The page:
when travellers were often obliged to wait a long time for a favorable wind. all of a sudden there appeared a wooded slope close 241 of 260 . I smell so deliciously. ‘the most tiresome of towns. I lie on the sea.’ * Corsor. but as soon as the confusion of colors was somewhat over. so little as if he were a midshipman. It was a seaman.* That is a town that is just rising into importance. however. I once intended to equip a ship that was to sail all round the earth. ‘Little Tukey! Little Tukey!’ cried someone near. but that is no longer true. somebody was close beside him. and all was red and green before his eyes.’ said Corsor. too. for close before the gate bloom the most beautiful roses. ‘I have high roads and gardens. formerly. quite a little personage. but a midshipman it was not. a lively town that has steam-boats and stagecoaches: formerly people called it ugly. on the Great Belt. before the introduction of steam-vessels. but I did not do it.’ The poet Baggesen was born here. and I have given birth to a poet who was witty and amusing. although I could have done so: and then. and yet as if he were not dreaming. ‘Many remembrances from Corsor.Andersen’s Fairy Tales And little Tukey lay in his bed: it seemed to him as if he dreamed. which all poets are not. called. Little Tuk looked.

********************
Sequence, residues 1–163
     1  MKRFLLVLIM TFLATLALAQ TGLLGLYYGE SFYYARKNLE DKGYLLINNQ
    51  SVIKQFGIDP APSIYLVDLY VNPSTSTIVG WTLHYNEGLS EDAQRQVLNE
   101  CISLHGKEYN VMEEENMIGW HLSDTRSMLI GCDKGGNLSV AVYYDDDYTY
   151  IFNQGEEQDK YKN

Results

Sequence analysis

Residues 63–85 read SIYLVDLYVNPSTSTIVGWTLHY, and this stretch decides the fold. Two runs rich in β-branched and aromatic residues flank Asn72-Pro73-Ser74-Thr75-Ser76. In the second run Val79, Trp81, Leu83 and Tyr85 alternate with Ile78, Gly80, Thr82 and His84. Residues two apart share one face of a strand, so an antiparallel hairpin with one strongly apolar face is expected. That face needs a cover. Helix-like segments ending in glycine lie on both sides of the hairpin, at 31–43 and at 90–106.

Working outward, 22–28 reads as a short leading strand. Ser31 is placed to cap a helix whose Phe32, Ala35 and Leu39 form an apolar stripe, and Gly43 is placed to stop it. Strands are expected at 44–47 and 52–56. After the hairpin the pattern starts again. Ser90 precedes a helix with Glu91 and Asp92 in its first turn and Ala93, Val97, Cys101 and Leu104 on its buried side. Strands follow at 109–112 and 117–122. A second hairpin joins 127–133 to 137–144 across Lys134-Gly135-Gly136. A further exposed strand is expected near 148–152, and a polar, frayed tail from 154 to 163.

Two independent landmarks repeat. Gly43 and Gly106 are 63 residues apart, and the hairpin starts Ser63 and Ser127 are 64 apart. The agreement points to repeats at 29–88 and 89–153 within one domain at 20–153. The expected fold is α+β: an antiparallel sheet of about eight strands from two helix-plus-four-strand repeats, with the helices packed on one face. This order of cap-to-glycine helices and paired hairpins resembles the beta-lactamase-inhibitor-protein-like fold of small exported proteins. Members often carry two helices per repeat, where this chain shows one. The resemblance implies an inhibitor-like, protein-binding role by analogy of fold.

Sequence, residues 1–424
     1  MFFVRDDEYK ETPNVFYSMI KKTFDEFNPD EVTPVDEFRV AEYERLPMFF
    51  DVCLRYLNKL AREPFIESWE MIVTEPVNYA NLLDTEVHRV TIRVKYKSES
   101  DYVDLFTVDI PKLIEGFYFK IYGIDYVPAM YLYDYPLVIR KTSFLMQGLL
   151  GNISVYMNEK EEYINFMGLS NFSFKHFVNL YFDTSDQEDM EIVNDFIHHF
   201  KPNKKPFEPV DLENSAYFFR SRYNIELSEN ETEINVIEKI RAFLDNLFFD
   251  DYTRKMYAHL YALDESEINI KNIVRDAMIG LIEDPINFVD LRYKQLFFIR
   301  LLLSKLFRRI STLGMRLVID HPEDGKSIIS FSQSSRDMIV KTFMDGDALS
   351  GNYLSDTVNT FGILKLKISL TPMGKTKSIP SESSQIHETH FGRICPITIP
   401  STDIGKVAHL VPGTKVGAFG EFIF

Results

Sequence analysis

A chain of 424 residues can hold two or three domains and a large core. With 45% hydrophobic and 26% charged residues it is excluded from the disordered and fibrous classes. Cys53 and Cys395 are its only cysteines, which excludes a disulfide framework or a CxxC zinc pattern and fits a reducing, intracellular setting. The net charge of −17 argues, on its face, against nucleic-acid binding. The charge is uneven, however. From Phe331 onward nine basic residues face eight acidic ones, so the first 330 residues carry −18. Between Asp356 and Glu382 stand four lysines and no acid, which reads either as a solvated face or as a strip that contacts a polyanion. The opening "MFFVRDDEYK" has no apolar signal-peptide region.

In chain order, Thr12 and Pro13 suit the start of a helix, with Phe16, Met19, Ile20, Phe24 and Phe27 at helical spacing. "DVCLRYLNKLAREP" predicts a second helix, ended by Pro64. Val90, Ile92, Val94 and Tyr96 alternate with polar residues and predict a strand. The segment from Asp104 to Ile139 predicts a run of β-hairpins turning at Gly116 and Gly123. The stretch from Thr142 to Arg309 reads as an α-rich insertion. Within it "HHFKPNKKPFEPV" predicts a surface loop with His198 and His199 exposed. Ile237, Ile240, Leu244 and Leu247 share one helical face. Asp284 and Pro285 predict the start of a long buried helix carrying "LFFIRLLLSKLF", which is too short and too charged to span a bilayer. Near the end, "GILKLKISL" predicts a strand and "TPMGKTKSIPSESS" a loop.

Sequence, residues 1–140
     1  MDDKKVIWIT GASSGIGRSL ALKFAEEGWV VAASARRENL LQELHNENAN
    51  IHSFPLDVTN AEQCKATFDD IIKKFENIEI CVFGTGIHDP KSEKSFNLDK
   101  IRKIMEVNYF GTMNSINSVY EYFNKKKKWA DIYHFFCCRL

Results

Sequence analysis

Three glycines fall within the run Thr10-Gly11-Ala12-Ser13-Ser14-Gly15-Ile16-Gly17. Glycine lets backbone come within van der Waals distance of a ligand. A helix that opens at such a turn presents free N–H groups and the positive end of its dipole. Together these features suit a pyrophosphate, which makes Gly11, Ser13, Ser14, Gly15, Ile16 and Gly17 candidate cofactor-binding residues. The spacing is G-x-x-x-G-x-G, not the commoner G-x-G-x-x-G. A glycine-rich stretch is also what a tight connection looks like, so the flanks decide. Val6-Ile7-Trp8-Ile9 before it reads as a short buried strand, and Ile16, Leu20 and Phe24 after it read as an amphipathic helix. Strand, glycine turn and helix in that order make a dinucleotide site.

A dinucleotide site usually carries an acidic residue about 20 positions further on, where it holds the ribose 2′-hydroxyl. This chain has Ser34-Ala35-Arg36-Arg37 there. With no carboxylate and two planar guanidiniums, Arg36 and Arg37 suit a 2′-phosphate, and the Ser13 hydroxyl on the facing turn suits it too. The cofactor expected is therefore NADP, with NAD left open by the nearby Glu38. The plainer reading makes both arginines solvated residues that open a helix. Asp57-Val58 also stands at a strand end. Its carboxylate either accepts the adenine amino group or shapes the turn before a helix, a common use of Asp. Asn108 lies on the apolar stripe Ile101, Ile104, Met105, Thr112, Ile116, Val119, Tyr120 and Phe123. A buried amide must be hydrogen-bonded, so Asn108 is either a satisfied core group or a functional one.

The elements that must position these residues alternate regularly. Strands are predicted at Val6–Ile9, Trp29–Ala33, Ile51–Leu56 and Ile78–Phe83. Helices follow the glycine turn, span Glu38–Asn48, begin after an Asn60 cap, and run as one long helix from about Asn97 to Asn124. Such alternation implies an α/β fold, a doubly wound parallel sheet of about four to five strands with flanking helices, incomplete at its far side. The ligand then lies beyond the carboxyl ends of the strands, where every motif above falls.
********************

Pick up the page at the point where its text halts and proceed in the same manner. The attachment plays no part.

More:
’ said King Hroar. and she now related many pretty 242 of 260 . with two high pointed towers. it certainly must have been raining. ‘Do not forget the diet. and whither? It seemed to him just as if one turned over a leaf in a book. Again all suddenly disappeared.’ said she.* * Roeskilde. and high up above stood a magnificent old church. once the capital of Denmark. close to the town of Roeskilde. who came from Soroe. and close beside them sat an old king with a golden crown upon his white head: that was King Hroar. heard all. In the beautiful cathedral the greater number of the kings and queens of Denmark are interred. and the many fountains in the neighborhood. all with their golden crowns. hand in hand. too. ‘Yes. the members of the Danish Diet assemble. near the fountains.* where grass grows in the market-place.Andersen’s Fairy Tales to the bay. She had an old grey linen apron hanging over her head and back: it was so wet. Yes. The town takes its name from King Hroar. In Roeskilde. that it has. And up the slope into the old church went all the kings and queens of Denmark. so that there was a continual splashing. And now stood there an old peasant-woman. From out the hillside spouted fountains in thick streams of water. and the organ played and the fountains rustled. Little Tuk saw all. as it is now called.